ArcelorMittal (MT) is among steel companies that have called for European Union governments to weigh the impact of climate change policy on an industry that provides 350,000 jobs in the region.
The chief executive officers of 64 European steel companies, including the European units of Luxembourg-based ArcelorMittal and Tata Steel Ltd. (TATA), signed an open letter to EU heads of state and governments, according to a statement today from steel lobby group Eurofer.
“We, the undersigned CEOs, urge the heads of state and governments to restore balance between industrial, energy and climate policies in order to preserve the competitiveness of the industries which are at the core of the European economy,” the letter shows.
EU leaders meet in Brussels on March 20-21 as they look to set an end-of-year deadline for a decision on climate and energy strategy for 2030. The 28-nation bloc is trying to balance Europe’s ambition to lead the global fight against climate change with pledges to revive the region’s industry and cut the reliance on fossil fuels.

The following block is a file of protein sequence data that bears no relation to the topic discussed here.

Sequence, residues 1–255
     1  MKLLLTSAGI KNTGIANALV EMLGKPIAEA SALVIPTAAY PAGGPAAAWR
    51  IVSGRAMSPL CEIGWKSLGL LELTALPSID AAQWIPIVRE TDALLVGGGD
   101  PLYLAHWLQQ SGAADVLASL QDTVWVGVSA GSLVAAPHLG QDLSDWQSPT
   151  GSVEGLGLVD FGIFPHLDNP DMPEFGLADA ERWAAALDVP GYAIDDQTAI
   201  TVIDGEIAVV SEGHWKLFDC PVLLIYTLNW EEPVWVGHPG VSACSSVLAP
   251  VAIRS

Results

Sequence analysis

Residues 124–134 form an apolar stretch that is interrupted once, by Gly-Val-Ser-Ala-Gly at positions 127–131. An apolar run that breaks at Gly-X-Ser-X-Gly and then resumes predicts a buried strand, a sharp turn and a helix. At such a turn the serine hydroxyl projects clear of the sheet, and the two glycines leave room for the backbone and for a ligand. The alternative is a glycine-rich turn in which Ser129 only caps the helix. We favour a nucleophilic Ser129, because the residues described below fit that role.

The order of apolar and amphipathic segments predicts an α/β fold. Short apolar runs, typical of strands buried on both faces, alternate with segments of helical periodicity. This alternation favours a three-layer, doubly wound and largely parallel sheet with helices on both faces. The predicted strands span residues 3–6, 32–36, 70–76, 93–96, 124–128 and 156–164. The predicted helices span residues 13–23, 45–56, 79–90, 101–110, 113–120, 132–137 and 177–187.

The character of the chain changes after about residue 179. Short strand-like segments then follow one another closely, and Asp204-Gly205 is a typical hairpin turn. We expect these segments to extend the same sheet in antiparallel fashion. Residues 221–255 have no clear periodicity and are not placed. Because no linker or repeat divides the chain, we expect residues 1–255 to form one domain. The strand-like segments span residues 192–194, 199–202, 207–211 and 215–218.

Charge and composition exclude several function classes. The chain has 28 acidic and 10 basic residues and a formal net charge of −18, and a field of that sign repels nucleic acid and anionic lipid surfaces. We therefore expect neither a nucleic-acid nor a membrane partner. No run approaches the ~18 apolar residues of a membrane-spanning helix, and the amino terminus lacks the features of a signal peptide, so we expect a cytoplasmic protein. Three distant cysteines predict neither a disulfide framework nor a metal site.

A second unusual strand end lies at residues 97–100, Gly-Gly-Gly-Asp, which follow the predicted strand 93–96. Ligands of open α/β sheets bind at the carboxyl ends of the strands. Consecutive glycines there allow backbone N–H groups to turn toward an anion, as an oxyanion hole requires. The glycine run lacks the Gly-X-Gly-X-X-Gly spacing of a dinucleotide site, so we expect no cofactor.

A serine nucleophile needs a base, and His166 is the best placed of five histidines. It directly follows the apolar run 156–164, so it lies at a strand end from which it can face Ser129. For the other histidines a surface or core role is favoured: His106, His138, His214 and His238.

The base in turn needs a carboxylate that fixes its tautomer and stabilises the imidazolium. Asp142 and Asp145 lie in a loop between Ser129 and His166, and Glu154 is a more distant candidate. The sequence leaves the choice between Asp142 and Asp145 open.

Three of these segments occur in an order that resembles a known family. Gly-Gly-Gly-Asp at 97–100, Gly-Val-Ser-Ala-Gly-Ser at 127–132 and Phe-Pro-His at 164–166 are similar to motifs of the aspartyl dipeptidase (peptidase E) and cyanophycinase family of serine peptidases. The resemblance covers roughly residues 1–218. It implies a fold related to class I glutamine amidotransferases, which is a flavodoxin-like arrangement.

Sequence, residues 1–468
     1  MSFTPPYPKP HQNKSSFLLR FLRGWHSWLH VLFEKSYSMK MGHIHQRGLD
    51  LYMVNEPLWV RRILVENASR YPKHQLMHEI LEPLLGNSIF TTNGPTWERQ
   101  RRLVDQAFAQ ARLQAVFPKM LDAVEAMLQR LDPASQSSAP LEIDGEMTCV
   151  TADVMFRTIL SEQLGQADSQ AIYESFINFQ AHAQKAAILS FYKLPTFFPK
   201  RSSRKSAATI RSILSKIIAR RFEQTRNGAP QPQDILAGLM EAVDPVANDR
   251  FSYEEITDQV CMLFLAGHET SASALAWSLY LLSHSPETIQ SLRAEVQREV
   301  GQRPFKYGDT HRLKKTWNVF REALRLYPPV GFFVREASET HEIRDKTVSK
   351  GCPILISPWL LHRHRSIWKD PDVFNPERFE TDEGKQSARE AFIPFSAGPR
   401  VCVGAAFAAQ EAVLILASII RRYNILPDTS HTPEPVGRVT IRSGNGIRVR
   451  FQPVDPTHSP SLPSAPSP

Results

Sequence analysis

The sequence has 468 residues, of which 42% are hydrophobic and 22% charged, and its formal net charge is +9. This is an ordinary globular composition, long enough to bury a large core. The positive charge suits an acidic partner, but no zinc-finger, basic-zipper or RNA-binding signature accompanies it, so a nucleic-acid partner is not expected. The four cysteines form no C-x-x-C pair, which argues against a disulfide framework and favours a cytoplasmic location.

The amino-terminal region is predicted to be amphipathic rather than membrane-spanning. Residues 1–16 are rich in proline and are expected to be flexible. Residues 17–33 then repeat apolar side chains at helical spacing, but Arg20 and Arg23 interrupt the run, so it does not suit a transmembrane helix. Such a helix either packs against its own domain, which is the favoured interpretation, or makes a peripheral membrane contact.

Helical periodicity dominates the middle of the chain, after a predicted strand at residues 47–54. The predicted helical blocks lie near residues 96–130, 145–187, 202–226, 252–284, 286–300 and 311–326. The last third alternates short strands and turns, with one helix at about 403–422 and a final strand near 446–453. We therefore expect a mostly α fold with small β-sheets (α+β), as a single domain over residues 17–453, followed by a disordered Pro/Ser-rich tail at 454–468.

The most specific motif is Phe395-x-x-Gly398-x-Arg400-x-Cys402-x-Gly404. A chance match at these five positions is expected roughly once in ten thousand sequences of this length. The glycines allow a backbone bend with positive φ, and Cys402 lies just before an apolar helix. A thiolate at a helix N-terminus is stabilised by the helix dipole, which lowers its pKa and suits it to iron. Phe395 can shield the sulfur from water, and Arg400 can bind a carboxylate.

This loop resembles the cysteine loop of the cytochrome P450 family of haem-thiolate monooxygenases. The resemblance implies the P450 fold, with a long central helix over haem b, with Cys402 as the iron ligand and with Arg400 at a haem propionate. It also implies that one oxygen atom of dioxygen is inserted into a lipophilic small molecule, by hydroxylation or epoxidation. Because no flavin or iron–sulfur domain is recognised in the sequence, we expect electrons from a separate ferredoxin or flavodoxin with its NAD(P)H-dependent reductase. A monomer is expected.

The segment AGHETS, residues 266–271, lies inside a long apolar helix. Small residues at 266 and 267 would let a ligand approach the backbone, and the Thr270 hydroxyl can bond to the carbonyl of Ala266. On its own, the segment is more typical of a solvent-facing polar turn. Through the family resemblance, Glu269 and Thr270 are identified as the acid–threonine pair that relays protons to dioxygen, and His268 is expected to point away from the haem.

The planned framework, under which the commission proposed in January that the EU deepen its emission reductions to 40 percent by 2030, has divided governments and industry.
While 13 member states including the U.K. and Germany called earlier this month for a swift decision to adopt an ambitious strategy, a group of nations led by Poland urged further analysis of the proposed policies on the bloc’s economy. The EU’s current target is to reduce pollution by 20 percent by 2020 from 1990 levels.
Eurofer said in today’s document that the proposed target is “technically and economically impossible to achieve with current technologies.”
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